The current show at Espresso Americano features a collection of thirteen works of art: primarily pastel paintings, mono-prints and assemblages by Dawn Westmoreland.
The first piece that caught my eye as I entered the coffee shop and perhaps my favorite piece was a portrait of a woman. She is portrayed as an aging, but iconic “party girl.” She is clad only in an earring, bracelet and necklace, which are three-dimensional metal jewelry pieces fastened to and emerging from the painting. The figure is smoking and I am thankful that the cigarette is merely painted in place. At first blush the woman in the painting seems shallow or superficial. Yet, as I spent some time with the image I began to feel a deeper significance. While the figure may in part represent superficiality, she also appears honest, open and content. There is a dignity to her appearance that challenges my authority to judge her condition.
This image questions reality. Ordinarily I consider jewelry to be an ornamentation that augments an illusory image of an otherwise real person. But, here the woman is a mere representation and the jewelry is part of the reality of my three-dimensional world. The ontology of the piece seems to be backward. Any work of art that has the strength to unsettle my sense of reality deserves my attention.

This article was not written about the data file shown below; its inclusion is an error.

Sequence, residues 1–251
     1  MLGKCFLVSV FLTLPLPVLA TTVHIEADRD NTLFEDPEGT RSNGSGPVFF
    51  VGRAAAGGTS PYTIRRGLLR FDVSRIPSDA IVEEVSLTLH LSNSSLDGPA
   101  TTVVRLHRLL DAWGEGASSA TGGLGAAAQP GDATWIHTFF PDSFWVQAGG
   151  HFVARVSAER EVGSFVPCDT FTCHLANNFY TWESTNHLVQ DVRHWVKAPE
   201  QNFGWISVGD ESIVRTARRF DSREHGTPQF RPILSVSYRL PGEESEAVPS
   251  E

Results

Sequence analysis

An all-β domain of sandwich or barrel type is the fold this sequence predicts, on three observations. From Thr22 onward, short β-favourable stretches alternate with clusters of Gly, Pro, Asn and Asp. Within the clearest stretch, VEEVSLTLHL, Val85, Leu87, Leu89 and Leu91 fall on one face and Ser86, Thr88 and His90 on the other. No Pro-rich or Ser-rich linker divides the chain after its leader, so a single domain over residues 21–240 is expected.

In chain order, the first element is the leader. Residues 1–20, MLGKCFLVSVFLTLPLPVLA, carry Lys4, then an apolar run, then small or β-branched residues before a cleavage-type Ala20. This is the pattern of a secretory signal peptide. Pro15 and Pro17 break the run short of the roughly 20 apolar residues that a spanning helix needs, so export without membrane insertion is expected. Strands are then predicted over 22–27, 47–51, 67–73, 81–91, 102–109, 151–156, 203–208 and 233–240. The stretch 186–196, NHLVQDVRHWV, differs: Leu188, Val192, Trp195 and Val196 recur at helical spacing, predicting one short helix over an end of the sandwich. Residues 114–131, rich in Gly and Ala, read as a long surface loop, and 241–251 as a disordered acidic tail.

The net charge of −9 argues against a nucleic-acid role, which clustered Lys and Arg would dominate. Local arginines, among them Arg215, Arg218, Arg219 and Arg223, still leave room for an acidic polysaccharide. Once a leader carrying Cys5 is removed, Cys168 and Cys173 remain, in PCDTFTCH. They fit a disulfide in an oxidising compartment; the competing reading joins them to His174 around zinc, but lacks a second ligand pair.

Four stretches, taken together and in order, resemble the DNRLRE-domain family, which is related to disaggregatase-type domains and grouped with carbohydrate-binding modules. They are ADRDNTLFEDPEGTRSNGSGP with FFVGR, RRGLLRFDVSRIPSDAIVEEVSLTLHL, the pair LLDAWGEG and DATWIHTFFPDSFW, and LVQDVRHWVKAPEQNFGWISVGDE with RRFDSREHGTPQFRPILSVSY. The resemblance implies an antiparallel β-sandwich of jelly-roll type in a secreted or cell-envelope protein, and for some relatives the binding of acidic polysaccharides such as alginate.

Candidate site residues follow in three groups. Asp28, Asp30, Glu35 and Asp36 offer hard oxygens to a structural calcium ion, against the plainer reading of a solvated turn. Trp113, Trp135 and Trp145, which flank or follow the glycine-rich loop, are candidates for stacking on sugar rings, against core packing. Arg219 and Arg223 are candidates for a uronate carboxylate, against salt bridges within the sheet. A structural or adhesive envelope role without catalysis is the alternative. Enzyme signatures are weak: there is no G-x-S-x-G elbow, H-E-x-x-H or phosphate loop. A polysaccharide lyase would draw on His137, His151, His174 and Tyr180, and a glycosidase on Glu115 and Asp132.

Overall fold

Next to the portrait is another piece, which is an assemblage of consumer products with some fixtures thrown in. The box frame collection of artifacts includes a doorknob, a Delta 88 trim piece, a circuit board and a faucet. Perhaps this piece is designed to encourage me to see common items around me as artful. Perhaps the cluttered collection of logos and formerly moving parts is offered as a modern consumer’s landscape. Perhaps not. I just cannot tell and this one leaves me empty. In the end it comes off as a random assortment of stuff and I have trouble connecting with it.
Three of the other pieces in this show worth seeing include a mono-type titled “Red Phish,” that’s “P-H-I-S-H.” The work appears as though pigment were transferred with cheesecloth. The delicate red lines remind me of capillaries.
Another compelling piece is a mixed media abstraction of a treed landscape. The “trees” are covered in bits of colored glass or plastic, which for me represented a flowering or blooming. The effect is decidedly upbeat.
The show also contains a black and white print entitled “Flowers.” The image is a delicate, well balanced and intricate floral I take to be a Clematis. This print emphasizes the botanical design of the flowering plant without the distraction of color.
Espresso Americano is located in the Everett Public Library at 2702 Hoyt, Everett. They are open Seven days a week, closing at 6:00 p.m. on Thursdays and Saturdays and closing at 5:00 p.m. on Sunday. This exhibition continues through the end of March, 2010.